With the emergence of “shelter-in-place” directives, California’s small-scale direct-marketing farms and agritourism operations faced drastic and immediate disruptions to operations causing major losses in revenue and lay-offs for staff. Particularly hard-hit are agritourism operators who had to cancel visitor- serving activities, often reducing staff or not hiring for seasonal employment. Positively, the disruptions in food supply and mobility brought the existence and importance of local farms and ranches to the attention of much of the public. Demand for on-line food ordering, delivery and on-farm pickup options increased in many areas, as did sign-ups for community-supported agriculture (CSA) and other delivery programs. Many farm stands saw increased sales. Many U-Pick operations drew increased interest.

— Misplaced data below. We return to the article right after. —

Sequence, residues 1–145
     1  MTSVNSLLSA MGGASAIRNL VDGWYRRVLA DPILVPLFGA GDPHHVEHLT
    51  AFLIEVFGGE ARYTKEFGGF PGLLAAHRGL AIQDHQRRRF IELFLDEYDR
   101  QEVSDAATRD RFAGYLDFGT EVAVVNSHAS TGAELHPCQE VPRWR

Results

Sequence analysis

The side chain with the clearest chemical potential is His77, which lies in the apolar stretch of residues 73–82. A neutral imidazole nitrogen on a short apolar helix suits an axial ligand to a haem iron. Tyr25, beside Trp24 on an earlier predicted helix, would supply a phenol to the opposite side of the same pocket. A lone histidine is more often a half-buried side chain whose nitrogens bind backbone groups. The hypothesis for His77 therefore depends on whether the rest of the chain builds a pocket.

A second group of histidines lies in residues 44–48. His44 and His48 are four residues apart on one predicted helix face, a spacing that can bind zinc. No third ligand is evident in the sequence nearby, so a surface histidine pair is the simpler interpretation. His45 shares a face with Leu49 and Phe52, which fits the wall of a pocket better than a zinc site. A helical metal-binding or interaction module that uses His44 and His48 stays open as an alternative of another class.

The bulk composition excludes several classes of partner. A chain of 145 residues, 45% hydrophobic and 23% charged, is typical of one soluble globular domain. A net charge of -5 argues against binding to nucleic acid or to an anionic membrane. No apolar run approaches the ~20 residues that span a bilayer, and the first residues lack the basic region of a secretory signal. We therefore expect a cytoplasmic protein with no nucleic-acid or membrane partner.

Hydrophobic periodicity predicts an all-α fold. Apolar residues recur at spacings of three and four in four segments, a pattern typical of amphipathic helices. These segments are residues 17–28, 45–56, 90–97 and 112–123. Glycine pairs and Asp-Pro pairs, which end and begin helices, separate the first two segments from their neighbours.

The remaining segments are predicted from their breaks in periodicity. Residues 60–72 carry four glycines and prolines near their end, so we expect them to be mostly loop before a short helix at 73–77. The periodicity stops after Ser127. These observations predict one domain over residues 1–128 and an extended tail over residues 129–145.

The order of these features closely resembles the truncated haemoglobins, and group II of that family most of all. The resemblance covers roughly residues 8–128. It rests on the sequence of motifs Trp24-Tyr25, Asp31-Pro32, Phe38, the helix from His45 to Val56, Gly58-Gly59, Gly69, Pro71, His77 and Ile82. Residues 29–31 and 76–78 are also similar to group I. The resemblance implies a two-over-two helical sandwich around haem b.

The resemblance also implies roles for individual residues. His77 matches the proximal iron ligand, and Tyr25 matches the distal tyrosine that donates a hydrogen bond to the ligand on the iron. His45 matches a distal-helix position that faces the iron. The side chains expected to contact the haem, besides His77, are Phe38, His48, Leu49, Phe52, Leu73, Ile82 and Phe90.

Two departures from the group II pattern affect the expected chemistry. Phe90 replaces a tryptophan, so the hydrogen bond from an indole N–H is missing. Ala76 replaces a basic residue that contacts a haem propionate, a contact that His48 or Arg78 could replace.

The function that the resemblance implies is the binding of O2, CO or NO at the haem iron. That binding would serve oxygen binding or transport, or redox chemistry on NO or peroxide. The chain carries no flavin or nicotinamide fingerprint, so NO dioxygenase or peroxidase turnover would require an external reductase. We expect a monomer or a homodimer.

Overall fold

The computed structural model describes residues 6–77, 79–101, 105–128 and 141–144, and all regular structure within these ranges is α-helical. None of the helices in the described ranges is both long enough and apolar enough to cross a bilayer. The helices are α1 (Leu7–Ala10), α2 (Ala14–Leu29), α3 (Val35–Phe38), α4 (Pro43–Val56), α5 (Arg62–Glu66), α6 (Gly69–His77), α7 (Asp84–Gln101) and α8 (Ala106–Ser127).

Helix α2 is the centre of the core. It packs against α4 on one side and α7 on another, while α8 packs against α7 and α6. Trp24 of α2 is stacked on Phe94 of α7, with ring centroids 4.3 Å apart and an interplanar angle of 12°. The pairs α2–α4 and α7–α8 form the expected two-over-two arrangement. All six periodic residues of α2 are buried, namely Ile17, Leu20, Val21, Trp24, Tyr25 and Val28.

Although many farmers were able to pivot successfully from lost sales to new marketing channels, many lacked the skills or connections to do so. Increased awareness by the public of local farms and ranches indicates increased potential for local agritourism and direct sales opportunities in the near future, offering needed options for small-scale farm and ranch diversification. This project will offer training to small-scale California farmers and ranchers in establishing new and improved direct-to-consumer sales and agritourism activities, will support regional agritourism associations in promoting local farms and ranches to local communities, and will form regional direct-sales and agritourism networking groups to strengthen local food systems. Outcomes are increased access to local food and participation in local agritourism activities by community members and continued increased revenue to local farms and ranches from direct sales and agritourism activities.